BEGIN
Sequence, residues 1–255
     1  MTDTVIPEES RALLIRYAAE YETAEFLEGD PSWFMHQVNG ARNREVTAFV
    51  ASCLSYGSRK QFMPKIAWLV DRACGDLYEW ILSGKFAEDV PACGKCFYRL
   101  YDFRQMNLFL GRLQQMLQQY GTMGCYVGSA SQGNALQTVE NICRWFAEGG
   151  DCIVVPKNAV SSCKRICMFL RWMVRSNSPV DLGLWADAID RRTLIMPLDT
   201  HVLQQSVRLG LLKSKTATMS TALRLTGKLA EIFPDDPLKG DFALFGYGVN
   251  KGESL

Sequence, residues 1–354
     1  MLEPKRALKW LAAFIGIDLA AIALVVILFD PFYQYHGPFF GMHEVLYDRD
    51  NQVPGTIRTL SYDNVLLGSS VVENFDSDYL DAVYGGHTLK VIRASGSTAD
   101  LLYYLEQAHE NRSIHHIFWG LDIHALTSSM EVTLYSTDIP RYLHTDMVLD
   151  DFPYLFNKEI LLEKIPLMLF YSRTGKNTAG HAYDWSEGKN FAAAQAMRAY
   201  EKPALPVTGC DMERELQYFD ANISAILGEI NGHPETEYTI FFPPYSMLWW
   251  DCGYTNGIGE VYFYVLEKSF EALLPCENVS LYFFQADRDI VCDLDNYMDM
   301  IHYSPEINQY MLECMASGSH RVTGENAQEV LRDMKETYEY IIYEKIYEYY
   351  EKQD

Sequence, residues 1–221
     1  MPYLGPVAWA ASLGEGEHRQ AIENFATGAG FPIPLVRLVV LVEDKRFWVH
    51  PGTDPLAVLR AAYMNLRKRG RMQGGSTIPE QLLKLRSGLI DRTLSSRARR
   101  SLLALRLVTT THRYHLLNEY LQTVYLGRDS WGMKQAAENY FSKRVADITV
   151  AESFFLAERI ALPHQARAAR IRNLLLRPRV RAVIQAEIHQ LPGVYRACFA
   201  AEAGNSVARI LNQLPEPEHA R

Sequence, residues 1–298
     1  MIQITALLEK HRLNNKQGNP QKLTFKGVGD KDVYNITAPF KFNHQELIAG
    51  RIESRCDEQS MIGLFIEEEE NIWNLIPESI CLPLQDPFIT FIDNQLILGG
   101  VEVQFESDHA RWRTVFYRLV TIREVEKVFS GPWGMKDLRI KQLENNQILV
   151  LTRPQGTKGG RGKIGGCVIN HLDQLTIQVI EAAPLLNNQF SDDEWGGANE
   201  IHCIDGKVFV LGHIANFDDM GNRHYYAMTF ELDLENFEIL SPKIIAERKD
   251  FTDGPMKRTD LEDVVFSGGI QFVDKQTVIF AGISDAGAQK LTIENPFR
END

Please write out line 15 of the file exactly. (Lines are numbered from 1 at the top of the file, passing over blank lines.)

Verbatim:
   301  IHYSPEINQY MLECMASGSH RVTGENAQEV LRDMKETYEY IIYEKIYEYY